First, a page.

After a first week that might have come as a shock to some of the players, in terms of tempo and pace, UCLA settled into its new brand of practicing this week, with the majority of the players seemingly getting their feet under them. There was much less gasping for breath, at any rate.
With two weeks under our belts, there's still not much clearly emerging from the key position battles, but there's been a little bit of movement, so we'll take a look again at the main story lines from spring ball.
Through the first week of spring ball, all six quarterbacks were, more or less, getting an even number of snaps. This past week, the reps for T.J. Millweard and Mike Fafaul have been drastically reduced, as UCLA has focused much more on the returning quarterbacks. Since Saturday of the first week, the quarterbacks have alternated taking the majority of the reps during 11 on 11 and with the first team.
Right now, based on the performance over the first two weeks, we'd have to say that Richard Brehaut looks like the front runner. Brehaut, aside from a bit of a hiccup on Tuesday, has been by far the most accurate quarterback, from short pass to deep ball. Brett Hundley has shown flashes of brilliance, but just hasn't been as consistent.
Kevin Prince has also been quite good at times, but when the crowd noise comes on, he has more trouble. On both Thursday and Saturday, he looked pretty good heading into the team periods about halfway through practice, but at that point, the wheels kind of came off. During 11-on-11 on Saturday, he really struggled. In one period, he didn't complete a pass. And then, when it went to 7-on-7, his first throw was an interception to Sheldon Price (although Shaquelle Evans probably could have done a better job of boxing out).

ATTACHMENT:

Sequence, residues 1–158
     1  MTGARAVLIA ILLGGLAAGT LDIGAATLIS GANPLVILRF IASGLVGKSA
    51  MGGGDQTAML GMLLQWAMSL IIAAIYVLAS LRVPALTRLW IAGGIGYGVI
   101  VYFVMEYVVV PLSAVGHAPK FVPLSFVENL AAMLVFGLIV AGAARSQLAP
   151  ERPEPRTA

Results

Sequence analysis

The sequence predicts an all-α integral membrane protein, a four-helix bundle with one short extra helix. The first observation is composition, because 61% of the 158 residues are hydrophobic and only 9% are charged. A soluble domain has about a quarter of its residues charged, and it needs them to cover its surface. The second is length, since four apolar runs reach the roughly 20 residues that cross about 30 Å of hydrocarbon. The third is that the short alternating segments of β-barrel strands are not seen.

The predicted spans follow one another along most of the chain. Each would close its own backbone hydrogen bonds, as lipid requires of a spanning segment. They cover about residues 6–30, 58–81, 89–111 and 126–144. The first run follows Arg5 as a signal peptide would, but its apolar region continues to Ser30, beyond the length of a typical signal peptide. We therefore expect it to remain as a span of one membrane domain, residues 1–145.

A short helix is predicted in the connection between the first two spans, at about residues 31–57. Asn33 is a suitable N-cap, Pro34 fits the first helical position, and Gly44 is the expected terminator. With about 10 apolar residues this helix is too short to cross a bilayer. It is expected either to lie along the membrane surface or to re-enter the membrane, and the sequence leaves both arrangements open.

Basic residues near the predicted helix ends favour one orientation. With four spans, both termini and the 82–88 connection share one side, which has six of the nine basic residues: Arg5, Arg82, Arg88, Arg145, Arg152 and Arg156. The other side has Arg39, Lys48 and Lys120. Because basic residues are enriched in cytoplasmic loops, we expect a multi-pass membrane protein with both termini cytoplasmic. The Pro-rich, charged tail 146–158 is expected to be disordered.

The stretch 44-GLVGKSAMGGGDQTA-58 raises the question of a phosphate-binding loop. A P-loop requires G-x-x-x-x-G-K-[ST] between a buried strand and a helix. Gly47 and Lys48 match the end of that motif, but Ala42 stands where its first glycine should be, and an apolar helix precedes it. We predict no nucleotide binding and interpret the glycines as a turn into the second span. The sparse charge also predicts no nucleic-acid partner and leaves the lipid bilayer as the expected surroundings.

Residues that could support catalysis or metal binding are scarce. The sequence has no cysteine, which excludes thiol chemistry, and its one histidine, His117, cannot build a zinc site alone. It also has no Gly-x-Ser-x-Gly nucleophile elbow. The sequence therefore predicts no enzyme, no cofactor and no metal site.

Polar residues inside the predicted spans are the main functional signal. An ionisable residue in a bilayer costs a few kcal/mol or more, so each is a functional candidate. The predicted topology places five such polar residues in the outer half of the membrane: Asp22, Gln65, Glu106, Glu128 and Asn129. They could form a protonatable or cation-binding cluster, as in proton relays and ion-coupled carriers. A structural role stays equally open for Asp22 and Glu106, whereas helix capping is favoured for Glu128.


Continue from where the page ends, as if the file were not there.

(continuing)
Jerry Neuheisel has been a pleasant surprise, but he really doesn't have the arm strength to contend in this battle. He's fairly accurate, and he seems like he's got the offense down, but he has a hard time throwing mid- to long-range passes without having to go into full body contortions.
There are still three weeks before the spring game, but right now, we'd handicap it with Brehaut first, Hundley and Prince more or less tied for the 2nd slot, and Neuheisel bringing up the rear.